He named some of the measures as the issuance of the national identification card, the national digital property addressing system and the use of tax identification numbers (TINs) to access key services.
Those measures, he explained, would broaden the tax base and reduce the tax burden on the estimated 1.2 million Ghanaian taxpayers supporting the entire population of about 27 million.
Addressing a conference on “Moving beyond aid — Revenue mobilisation” in Accra on Wednesday, the Vice-President reiterated the government’s commitment to develop the country using domestic revenue and ingenuity.
The two-day conference, which has attracted representatives from countries which had signed onto the G20 Compact With Africa (CWA), including Benin, Ethiopia, Guinea, Morocco, Togo, Tunisia, Cote d’Ivoire, Egypt, Rwanda and Senegal, is being organised by the Africa Centre for Economic Transformation, with support from the Ministry of Finance and the International Monetary Fund (IMF).
“Judging from our history and our vision for the future, there is no doubt that we need to rethink how we develop as a country. It has become obvious that we need to be more efficient and effective in managing our resources to ensure rapid economic growth and transformation,” the Vice-President said.
Ghana Beyond Aid
Dr Bawumia said President Akufo-Addo’s vision of moving Ghana Beyond Aid was not a mere rhetoric but a reflection of the reality, as donor fatigue was growing less.
“Going beyond aid is an inevitable conversation and we can choose to confront it now or postpone it, to our peril,” he stressed, adding that one of the key pillars of the vision of moving Ghana Beyond Aid was to enhance domestic revenue, while pursuing a more transparent, prudent and accountable use and management of public resources.
“Let me assure you that we are committed to implementing policies and operational steps that will put us on a sound footing to mobilise the required revenue for sustainable development,” he added.
Ghana Beyond Aid pillars
Dr Bawumia said the government was pursuing the Ghana Beyond Aid agenda on five pillars, saying the first was to enhance domestic revenue mobilisation, which would be done in a manner that would not undermine productive activities or distort private incentives for work.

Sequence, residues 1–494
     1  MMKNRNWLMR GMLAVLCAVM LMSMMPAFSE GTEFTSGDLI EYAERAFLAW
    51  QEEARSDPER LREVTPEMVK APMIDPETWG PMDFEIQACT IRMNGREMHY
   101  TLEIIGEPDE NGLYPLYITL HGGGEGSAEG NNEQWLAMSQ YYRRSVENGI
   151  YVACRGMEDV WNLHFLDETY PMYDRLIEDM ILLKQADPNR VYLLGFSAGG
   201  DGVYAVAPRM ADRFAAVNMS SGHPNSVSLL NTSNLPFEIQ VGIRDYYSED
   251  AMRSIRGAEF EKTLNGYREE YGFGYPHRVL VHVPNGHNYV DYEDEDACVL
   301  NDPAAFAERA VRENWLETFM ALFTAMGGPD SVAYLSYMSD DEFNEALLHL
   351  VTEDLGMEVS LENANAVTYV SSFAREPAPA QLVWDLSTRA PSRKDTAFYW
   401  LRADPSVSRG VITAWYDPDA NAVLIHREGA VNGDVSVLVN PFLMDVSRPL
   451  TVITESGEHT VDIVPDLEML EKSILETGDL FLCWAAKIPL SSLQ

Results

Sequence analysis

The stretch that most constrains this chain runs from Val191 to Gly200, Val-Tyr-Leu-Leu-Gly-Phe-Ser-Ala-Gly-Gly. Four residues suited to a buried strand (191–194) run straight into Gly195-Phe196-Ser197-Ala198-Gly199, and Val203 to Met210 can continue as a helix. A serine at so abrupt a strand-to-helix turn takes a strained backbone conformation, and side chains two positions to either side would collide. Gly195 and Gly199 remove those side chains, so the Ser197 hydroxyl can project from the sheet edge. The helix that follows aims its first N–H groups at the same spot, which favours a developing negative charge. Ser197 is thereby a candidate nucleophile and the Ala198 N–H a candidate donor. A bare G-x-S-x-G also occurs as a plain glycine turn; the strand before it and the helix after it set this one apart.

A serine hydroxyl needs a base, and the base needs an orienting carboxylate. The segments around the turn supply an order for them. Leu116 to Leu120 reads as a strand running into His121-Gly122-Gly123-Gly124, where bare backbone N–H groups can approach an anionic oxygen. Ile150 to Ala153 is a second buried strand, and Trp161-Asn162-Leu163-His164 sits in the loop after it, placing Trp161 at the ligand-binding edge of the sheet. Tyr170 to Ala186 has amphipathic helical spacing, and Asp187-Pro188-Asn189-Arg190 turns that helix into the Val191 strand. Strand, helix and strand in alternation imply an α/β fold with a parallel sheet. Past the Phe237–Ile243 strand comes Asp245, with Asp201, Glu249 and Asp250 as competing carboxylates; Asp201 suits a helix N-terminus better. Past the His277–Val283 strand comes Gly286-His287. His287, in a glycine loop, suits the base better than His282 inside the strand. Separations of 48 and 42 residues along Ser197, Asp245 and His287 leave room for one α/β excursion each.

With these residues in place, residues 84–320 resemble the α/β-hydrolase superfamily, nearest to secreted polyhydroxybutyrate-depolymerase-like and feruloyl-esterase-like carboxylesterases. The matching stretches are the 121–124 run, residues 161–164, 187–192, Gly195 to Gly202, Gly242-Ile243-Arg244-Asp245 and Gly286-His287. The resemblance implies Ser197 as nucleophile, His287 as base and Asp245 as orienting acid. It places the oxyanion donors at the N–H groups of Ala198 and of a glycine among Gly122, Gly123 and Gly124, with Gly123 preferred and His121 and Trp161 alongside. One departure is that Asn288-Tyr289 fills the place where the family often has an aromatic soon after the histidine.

He said encouraging higher private savings as a source of loanable funds to support the domestic credit and capital market and also expand financial inclusion was the second pillar.
For the third pillar, the Vice-President emphasised the need to pursue a more transparent, prudent and accountable use and management of public resources, while the fourth would be to leverage the country’s resources that were buried deep in the ground in more innovative ways than the conventional model of royalty and tax regimes.
He said the fifth was the “adoption of innovative mobilisation strategies, as well as the use of external resources in the emerging development finance landscape”.
“In fact, a greater illusion is for us to think that we can continue to build schools to educate our children, provide adequate health services for a healthy Ghana, provide safe and adequate water, provide sanitation services for a clean Ghana, provide law and order for a good society on the inexhaustible charity of donor projects,” he added.
He, therefore, urged the participants to come up with new ideas and better ways of improving revenue collection.
The Finance Minister, Mr Ken Ofori-Atta, gave an assurance that the government would not introduce more taxes that would burden the citizenry.
He said although the government required money through taxes to actualise its Ghana Beyond Aid agenda, it had resolved to “tax smarter and not harder”.
“And to achieve this goal, it must endeavour to expand its tax base,” he said.
“For instance, although estimates point to the existence of about six million potential individual taxpayers in Ghana, only about 1.5 million are formally registered with the Ghana Revenue Authority (GRA).
“Of this number 1.36 million are employees, implying that most self-employed individuals are not registered with the authority,” he said.
That, Mr Ofori-Atta said, underscored the need for the government to support the GRA to broaden the tax net to bring on board the tax paying bracket the millions of Ghanaians who were currently not paying taxes.
Anchor of economy
He said increasing fiscal pressures had become the new challenge facing many governments around the world, especially those in developing countries.
“Let me paint a stark picture of a new reality facing these countries, which is that there is the need to transition to a new normal in fiscal management where domestic revenue mobilisation and not international aid is the anchor of prudent and sustainable macro-fiscal management,” he said.
That, he explained, informed government’s decision to “set an ambitious economic policy goal of transforming Ghana’s economy by moving it from taxation to production”.
He said such a transition would result in more revenue being collected and, therefore, more funds becoming available to finance development.
On illicit flows, Mr Ofori-Atta said a study by Global Financial Integrity (GFI) estimated that between 1960 and 2012, Ghana lost about US$40 billion through trade mis-invoicing.